Wilbur Cooper Magli

Excerpt from “Forever in Sumpter” by Earhart Mueller

The first person to own an airplane in the township of Sumpter was Wilbur Cooper Magli. An intelligent youth, he graduated from the Prairie du Sac High School in 1928. Wilbur’s first ride in an airplane was taken in 1924 when a “barnstorming” pilot landed in the field opposite the C.C. Steuber farm west of Prairie du Sac. Many of the high school students went to see the marvel, including Harold Thoelke, Aaron Steuber, Clarence Padrutt and Wilbur. It was Wilbur who had both the money and the “nerve” needed to “go up” in the two-winged mechanical bird. Wilbur climbed boldly into the passenger seat, strapped himself in and they were off. Higher and higher they went and the boys watching from the ground were sure that this was the last they would see of Wilbur. However, they landed safely a short time later and Wilbur was a convert for life.

He was no doubt also influenced by a plane purchased by Edwin Accola in the fall of 1927 and kept in a hangar on the C.C. Steuber farm.

Wilbur started taking flying lessons and in the spring of 1928 he purchased his first plane, christening it “Alexander Eaglerock.” A fellow high school graduate seeing Wilbur in Cliffie’s Restaurant said, “l hear you bought yourself a plane?” “l sure as hell did” replied Wilbur jauntily.

He spent the summer of 1928 giving air tours at the Wisconsin Dells. This was the beginning of a life of flying for Wilbur and he spent several summers barnstorming in the Midwest. One time he gave his father Ferdinand Magli a ride and Mr. Magli was delighted to see the Sauk prairie with its varied fields and roads from the air. Wilbur, however, never gave his father another ride, not wishing any harm to befall him.

One time in September of 1931 Wilbur was forced to land in a clearing in Ontario, Canada, due to visibility problems due to the fog. While waiting for the fog to clear Wilbur spied a bear cub in a nearby tree, and another playing on the ground. He tossed the later cub into the cockpit despite the tiny ball of fur biting and clawing for freedom. He wanted to take the other cub also, but decided to get going. Just as he was taking off the mother bear emerged from the underbrush and started for the plane. The captured cub became a great companion for Wilbur and a favorite of all the spectators on cross- country hikes, who usually took care of the feeding. Wilbur named the cub “Dinah” and she became famous as the flying bear cub for she went wherever Wilbur went.  In late October of the following year it was necessary to sell Dinah as he was taking passengers to Florida who did not seem to care for her company in the two-passenger plane.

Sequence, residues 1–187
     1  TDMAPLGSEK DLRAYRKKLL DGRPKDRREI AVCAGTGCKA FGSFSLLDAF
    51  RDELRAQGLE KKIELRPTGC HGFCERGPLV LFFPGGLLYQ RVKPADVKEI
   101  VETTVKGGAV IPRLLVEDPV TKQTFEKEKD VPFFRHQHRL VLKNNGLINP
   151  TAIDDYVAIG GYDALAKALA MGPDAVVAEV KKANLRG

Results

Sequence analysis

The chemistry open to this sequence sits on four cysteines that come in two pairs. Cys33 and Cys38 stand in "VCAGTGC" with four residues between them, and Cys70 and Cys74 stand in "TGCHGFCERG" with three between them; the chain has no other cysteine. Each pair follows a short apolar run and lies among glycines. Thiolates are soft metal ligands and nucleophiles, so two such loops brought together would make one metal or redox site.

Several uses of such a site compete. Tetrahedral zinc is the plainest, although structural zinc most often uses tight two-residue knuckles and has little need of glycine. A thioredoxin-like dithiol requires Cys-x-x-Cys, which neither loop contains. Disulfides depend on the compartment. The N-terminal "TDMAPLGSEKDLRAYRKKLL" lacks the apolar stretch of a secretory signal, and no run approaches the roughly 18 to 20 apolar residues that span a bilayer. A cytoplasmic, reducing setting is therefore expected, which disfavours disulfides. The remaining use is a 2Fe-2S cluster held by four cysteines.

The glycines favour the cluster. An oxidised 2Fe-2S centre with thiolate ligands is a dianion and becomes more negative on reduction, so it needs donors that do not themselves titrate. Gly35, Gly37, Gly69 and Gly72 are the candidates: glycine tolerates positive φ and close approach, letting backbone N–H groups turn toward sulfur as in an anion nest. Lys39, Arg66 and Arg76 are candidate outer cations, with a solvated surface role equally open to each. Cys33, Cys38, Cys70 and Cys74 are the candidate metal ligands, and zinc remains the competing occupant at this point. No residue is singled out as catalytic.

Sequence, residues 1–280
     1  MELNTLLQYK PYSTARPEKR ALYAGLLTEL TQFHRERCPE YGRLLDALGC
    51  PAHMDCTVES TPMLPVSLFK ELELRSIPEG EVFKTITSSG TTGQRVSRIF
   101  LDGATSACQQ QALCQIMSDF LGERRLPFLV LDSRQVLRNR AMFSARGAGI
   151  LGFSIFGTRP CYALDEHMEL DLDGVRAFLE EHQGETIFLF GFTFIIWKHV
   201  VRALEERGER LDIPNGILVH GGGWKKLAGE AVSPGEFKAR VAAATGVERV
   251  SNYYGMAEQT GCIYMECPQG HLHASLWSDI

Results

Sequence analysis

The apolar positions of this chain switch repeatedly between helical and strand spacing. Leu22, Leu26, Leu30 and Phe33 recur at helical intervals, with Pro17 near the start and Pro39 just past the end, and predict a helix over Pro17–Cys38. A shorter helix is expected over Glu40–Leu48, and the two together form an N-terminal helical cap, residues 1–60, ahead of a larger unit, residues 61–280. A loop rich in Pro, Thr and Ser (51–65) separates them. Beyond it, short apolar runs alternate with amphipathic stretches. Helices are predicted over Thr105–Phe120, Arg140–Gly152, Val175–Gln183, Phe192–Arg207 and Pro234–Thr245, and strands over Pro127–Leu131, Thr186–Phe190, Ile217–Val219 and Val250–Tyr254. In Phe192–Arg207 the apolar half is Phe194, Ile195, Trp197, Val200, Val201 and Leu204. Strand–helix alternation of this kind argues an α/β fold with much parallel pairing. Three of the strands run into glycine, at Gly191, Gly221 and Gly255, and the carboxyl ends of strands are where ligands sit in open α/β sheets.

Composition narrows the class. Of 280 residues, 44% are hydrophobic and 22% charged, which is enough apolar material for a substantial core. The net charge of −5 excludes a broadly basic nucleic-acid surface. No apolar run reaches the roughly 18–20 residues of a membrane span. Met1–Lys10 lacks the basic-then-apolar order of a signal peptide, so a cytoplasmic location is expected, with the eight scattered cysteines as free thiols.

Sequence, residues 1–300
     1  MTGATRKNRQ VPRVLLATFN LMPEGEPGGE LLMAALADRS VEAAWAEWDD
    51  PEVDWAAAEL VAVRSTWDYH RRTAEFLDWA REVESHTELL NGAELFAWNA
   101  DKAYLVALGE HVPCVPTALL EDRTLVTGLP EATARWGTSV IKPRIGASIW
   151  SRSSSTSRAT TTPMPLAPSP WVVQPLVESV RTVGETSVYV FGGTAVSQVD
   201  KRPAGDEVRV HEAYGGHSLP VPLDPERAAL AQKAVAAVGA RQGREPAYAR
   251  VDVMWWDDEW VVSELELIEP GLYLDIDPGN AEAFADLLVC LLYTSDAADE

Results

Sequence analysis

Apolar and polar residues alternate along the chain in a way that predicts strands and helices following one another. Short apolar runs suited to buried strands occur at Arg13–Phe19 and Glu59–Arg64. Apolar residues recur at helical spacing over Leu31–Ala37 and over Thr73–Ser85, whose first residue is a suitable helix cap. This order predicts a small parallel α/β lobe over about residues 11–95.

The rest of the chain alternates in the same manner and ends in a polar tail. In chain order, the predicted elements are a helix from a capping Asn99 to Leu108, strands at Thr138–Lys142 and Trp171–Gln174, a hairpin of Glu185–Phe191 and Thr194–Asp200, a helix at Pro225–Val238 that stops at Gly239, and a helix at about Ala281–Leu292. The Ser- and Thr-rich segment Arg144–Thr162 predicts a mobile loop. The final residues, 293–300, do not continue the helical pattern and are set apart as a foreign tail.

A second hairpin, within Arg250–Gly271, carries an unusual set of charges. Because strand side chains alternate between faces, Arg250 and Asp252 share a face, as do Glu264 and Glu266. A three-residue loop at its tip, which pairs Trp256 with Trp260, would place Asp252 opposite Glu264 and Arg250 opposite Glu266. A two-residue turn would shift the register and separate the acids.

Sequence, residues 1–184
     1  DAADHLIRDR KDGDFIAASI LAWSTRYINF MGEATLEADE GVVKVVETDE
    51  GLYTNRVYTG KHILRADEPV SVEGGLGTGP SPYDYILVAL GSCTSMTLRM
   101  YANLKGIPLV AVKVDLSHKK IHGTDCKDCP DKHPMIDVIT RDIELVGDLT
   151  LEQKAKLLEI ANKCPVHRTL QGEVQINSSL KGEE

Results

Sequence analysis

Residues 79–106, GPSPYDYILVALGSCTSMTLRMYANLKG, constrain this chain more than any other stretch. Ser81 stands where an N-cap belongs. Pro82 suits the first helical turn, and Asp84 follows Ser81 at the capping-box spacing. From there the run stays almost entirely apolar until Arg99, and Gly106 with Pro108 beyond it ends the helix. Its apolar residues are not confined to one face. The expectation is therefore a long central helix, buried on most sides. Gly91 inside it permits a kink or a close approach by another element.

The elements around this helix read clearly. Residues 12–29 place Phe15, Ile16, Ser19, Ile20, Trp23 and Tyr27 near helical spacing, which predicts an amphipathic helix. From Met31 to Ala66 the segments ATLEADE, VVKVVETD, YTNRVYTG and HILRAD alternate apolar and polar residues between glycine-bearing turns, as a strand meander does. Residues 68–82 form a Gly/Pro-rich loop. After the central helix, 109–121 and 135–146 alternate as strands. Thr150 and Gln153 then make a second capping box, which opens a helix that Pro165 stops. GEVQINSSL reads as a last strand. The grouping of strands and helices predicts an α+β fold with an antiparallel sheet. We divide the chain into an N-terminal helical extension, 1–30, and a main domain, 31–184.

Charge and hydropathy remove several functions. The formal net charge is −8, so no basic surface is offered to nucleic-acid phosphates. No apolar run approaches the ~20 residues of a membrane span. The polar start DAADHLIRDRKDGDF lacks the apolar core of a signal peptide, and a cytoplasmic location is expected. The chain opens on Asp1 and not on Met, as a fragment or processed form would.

At about that time Wilbur helped with the search of a down plane in the Baraboo Bluffs. At another time when his plane was new, Wilbur flew low over Bert Hyer’s oats field and blew down a row of oat shocks, which was not appreciated.

Wilbur did much flying commercially. Six months into 1935 were spent in Texas, the Rio Grande Valley and Mexico. While there he carried passengers, did exhibition flying and took motion pictures. He carried fishing parties to their islands in the Gulf.

In 1938 Wilbur worked for the Abrams Aeria Survey of Lansing, Michigan piloting a special aeria mapper plane, accompanied by an aeria photographer. Aerial mapping was valued at $18.00 a minute with six miles of pictures taken a minute, at a height of three miles in the sky, the plane traveling at a cruising speed of 180 miles per hour. Aerial mapping was only done when the weather was perfect which was only 4-5 days a month, for visibility had to be ten miles. Wilbur explained that aerial mapping was just like plowing a field. “You must keep a straight furrow to get good pictures, usually flying from north to south and not deviating from the line more than 100 feet or so.”

 In time Wilbur secured a job as an airline pilot with the American Air Lines from Nashville, Tennessee to Washington D.C., a position he filled for over fifteen years.             In1943 he became a member of the Million Miler Club and had flown more than 4,000,000 miles for the airline. Wilbur moved to Franklin, Tennessee where he owned and operated a horse ranch where he pursued his lifetime hobby of horses.

Wilbur married Miss Nellie Boyd and they had four children. This was his second marriage for he had married early in life and had a daughter Yvonne Magli. Wilbur died of leukemia on September 10, 1955 having achieved the rank of airline Captain at the time of his death.